Flyadeal Image Credit: Social Media

Dubai: Windowless airplanes. Sleeping pods on Airbus aircraft. That may well be the future of air travel. But for budget carrier flyadeal, the future is in the cargo compartment — if you take them at their (online) word.

Saudi Arabia’s flyadeal pranked social media users by saying it will install seats in its cargo compartment, allowing passengers to fly with cargo for cheaper air fares. The airline proceeded to provide details, saying that tickets will be available for sale on the so-called cargo passenger class from January 1, 2019.

It was unclear to most Twitter users whether flyadeal was pulling a stunt or whether the announcement was real, with many users complaining that the news was an embarrassment to the airline’s reputation.

The tweets and responses they elicited sent flyadeal to one of Saudi's top trending words on Twitter.

In a series of tweets and in an ad posted on the airline’s official website’s home page, flyadeal went on to say that passengers must be between a height of 145 to 180 centimetres, and should weigh between 40 and 90 kilograms in order to meet the requirements for the seats.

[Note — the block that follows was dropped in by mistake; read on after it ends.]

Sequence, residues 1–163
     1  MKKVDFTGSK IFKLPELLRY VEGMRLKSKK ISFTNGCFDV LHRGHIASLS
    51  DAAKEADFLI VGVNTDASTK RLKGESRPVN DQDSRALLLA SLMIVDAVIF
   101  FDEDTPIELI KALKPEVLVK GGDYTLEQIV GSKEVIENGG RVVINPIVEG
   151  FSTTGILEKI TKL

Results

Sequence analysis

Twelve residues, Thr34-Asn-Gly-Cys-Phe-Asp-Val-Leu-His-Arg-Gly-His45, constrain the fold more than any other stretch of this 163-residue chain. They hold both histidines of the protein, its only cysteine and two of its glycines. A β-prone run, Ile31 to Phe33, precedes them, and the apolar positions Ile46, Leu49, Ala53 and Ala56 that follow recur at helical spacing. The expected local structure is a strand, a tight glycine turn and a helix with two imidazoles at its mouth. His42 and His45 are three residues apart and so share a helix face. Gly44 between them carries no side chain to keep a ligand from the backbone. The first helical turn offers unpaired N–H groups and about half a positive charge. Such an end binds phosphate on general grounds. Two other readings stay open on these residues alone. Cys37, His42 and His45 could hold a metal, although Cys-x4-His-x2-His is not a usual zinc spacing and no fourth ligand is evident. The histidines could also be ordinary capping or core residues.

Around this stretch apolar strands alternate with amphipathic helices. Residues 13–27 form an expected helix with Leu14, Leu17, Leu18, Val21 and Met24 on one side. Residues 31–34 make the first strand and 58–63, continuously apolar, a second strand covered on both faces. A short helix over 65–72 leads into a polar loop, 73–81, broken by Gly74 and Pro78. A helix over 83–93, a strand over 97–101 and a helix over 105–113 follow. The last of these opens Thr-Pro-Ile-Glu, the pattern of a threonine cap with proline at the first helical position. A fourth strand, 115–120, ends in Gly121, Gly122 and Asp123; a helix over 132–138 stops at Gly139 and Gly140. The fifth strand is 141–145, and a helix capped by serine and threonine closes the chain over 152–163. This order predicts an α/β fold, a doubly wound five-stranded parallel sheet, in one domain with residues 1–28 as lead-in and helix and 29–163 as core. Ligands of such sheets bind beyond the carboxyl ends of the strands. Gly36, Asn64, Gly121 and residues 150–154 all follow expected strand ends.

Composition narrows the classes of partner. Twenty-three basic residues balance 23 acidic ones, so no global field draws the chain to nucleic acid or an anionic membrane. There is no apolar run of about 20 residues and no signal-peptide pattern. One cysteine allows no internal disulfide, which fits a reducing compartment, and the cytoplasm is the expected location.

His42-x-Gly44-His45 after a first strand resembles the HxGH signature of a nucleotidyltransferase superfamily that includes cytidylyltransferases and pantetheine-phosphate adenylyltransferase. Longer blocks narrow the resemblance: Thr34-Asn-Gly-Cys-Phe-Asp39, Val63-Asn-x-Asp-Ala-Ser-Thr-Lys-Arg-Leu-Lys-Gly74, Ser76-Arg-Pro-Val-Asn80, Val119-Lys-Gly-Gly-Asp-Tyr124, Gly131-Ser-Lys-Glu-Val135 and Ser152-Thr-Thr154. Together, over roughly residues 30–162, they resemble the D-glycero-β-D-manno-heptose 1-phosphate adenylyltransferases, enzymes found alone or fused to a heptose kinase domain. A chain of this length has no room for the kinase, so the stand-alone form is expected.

“Height and weight restrictions are imposed to make sure that everyone flying is able to sit comfortably yet securely in our specially designed modular seats. a weight limitation of 90 kilograms is strictly enforced,” flyadeal said on its website.

The carrier added that height and weight measurements will be taken at time of check-in, and that no refunds or upgrades will be offered to passengers exceeding the limits.

When Gulf News reached out for comments, the airline did not respond. It later posted a tweet explaining its ad campaign and saying, “You don’t have to go to this length to fly for less. It was a joke!”

In the campaign, complete with a video showing flyadeal personnel and cabin illustrations, the carrier said that on average, 46 per cent of cargo space on its aircraft is not being used.

As for safety, flyadeal claimed it has already been taken into consideration.

“Don’t worry, all baggage is fastened securely to the foremost section of the cargo hold. While items can tend to shift during take-off and landing, passenger safety is always taken into consideration and proper safety and protection equipment is made available to all passengers,” the airline’s website said.

The airline launched its first operations in September 2017, and plans to add eight to 10 aircraft per year as it looks to build its fleet over the next few years, it told Gulf News in June.